These statistics help explain, by the way, why the intelligentsia don’t treat divorce like the plague it is. Intellectually they may know that divorce is a very common thing and a very bad thing. But in their daily experience, among their friends and colleagues, the problem is not severe. It involves significant failures and deep wounds, but only among less than one fifth of the families they know well. College-educated opinion leaders are like people who read about bad traffic, but who find that whenever they get on the freeway, traffic is light.

from "The Way We Live Now - Kindergarten Cram," by Peggy Orenstein,, 3 May 2009 :: via Patton Dodd

[Testing] neither predicts nor improves young children’s educational outcomes. More disturbing, along with other academic demands, like assigning homework to 5-year-olds, it is crowding out the one thing that truly is vital to their future success: play.

A survey of 254 teachers in New York and Los Angeles the group commissioned found that kindergartners spent two to three hours a day being instructed and tested in reading and math. They spent less than 30 minutes playing. “Play at age 5 is of great importance not just to intellectual but emotional, psychological social and spiritual development,” says Edward Miller, the report’s co-author. Play — especially the let’s-pretend, dramatic sort — is how kids develop higher-level thinking, hone their language and social skills, cultivate empathy. It also reduces stress, and that’s a word that should not have to be used in the same sentence as “kindergartner” in the first place.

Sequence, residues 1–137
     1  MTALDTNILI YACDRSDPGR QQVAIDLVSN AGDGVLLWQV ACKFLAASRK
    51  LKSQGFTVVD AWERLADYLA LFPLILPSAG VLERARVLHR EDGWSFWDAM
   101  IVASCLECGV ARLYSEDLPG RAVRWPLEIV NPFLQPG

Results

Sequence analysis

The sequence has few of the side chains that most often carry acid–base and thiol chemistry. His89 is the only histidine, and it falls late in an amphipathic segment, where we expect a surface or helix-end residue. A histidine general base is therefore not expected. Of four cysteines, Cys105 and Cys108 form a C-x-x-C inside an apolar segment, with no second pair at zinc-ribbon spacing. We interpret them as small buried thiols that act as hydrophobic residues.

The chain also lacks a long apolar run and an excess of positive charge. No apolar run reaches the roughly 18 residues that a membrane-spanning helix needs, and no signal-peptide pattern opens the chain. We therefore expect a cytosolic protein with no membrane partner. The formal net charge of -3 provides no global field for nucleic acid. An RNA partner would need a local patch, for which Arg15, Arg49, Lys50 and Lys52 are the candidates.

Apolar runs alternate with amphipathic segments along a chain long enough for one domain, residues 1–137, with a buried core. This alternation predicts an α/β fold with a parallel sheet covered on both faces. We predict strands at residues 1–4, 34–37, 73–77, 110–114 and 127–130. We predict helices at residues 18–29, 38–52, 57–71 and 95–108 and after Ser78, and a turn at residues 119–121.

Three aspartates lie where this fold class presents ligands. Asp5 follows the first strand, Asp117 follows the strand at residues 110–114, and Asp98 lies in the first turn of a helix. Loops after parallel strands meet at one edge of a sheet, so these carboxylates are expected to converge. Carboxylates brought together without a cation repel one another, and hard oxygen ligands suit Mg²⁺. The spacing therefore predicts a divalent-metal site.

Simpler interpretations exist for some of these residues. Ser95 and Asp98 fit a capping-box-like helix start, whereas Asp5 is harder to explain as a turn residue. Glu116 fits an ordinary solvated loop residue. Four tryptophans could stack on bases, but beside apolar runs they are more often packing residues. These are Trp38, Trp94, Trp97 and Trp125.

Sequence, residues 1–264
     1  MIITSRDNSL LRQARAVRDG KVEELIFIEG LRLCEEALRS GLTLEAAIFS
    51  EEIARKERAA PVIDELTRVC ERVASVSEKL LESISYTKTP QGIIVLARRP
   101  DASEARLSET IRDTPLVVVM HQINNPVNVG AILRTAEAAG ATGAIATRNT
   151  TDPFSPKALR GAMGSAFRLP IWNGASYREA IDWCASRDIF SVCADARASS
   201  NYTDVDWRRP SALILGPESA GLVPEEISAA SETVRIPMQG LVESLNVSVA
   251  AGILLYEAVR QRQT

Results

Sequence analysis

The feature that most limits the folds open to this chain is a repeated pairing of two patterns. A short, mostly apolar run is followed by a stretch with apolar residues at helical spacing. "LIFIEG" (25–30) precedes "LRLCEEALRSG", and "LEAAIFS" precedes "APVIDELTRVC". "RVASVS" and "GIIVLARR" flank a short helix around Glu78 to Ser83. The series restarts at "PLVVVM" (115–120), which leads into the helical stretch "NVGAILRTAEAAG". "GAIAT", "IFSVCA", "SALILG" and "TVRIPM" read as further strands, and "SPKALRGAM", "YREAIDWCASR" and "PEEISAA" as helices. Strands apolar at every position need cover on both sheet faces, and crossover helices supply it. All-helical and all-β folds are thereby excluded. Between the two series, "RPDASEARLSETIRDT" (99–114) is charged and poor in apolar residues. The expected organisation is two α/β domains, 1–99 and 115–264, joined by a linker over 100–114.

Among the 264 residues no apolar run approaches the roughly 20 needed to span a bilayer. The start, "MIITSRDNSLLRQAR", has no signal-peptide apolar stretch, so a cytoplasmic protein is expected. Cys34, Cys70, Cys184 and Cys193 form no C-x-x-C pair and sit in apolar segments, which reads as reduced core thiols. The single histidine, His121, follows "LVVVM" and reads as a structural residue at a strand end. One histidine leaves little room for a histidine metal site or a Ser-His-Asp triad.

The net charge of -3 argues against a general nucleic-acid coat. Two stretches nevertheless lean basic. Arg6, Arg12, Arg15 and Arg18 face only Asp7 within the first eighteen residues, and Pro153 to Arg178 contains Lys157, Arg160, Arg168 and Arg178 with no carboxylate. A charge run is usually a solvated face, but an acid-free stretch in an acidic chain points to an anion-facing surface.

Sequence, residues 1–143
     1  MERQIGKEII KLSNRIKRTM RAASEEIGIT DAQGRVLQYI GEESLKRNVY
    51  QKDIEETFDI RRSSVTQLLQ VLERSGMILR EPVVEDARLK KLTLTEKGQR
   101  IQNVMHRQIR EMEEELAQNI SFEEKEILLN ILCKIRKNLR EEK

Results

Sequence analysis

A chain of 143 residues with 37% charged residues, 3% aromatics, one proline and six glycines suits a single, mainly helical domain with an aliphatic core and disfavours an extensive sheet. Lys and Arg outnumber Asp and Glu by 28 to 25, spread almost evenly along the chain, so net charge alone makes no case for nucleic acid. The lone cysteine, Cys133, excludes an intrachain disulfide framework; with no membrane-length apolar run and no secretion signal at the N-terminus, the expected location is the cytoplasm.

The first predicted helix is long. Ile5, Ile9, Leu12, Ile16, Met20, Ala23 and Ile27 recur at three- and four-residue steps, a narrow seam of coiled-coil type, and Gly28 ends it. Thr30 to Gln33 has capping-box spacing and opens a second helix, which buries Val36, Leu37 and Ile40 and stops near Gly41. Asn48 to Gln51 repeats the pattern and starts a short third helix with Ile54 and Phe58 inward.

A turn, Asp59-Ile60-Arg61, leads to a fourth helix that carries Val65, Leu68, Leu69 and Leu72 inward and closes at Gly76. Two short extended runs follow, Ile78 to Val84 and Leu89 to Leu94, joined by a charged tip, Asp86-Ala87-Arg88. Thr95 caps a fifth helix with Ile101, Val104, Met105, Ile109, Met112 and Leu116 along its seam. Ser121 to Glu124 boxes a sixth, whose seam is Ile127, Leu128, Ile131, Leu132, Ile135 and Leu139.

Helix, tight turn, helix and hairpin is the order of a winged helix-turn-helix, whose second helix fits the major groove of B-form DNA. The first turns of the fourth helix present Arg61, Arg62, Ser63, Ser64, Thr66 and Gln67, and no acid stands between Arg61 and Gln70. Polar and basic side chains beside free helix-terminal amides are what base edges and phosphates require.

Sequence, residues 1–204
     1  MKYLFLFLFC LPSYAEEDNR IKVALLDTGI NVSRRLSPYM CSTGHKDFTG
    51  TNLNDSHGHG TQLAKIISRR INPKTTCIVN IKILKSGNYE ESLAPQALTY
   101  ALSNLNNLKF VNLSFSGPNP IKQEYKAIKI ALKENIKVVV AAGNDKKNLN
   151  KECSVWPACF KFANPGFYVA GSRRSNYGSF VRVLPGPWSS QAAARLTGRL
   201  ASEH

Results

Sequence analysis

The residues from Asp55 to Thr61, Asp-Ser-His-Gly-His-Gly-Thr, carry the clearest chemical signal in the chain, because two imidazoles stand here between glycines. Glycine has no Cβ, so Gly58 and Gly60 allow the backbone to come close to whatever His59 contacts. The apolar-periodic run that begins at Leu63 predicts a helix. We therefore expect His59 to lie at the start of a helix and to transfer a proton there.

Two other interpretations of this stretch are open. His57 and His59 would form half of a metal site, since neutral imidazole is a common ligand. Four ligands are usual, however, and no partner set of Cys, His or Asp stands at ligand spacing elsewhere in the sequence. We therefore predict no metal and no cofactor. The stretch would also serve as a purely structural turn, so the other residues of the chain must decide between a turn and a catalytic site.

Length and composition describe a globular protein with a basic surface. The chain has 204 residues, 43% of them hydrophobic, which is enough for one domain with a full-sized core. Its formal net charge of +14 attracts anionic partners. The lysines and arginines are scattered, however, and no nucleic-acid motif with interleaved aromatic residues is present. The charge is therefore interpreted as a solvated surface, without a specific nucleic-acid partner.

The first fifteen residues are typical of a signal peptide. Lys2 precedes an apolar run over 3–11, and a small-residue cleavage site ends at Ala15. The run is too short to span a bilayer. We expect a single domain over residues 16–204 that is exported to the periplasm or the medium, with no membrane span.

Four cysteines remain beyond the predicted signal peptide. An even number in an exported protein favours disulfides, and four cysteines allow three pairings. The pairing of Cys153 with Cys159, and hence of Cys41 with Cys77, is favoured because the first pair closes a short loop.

from "The Value of Music," by Karl Paulnack, director of the music division of the Boston Conservatory, as found at the Web site of the Mankato Symphony Orchestra :: thanks, Gwen Griffith!

One of the most profound musical compositions of all time is the Quartet for the End of Time written by French composer Olivier Messiaen in 1940. Messiaen was 31 years old when France entered the war against Nazi Germany. He was captured by the Germans in June of 1940, sent across Germany in a cattle car and imprisoned in a concentration camp.

He was fortunate to find a sympathetic prison guard who gave him paper and a place to compose. There were three other musicians in the camp, a cellist, a violinist, and a clarinetist, and Messiaen wrote his quartet with these specific players in mind. It was performed in January 1941 for four thousand prisoners and guards in the prison camp. Today it is one of the most famous masterworks in the repertoire.

Given what we have since learned about life in the concentration camps, why would anyone in his right mind waste time and energy writing or playing music? There was barely enough energy on a good day to find food and water, to avoid a beating, to stay warm, to escape torture—why would anyone bother with music? And yet—from the camps, we have poetry, we have music, we have visual art; it wasn’t just this one fanatic Messiaen; many, many people created art. Why? Well, in a place where people are only focused on survival, on the bare necessities, the obvious conclusion is that art must be, somehow, essential for life. The camps were without money, without hope, without commerce, without recreation, without basic respect, but they were not without art. Art is part of survival; art is part of the human spirit, an unquenchable expression of who we are. Art is one of the ways in which we say, “I am alive, and my life has meaning.”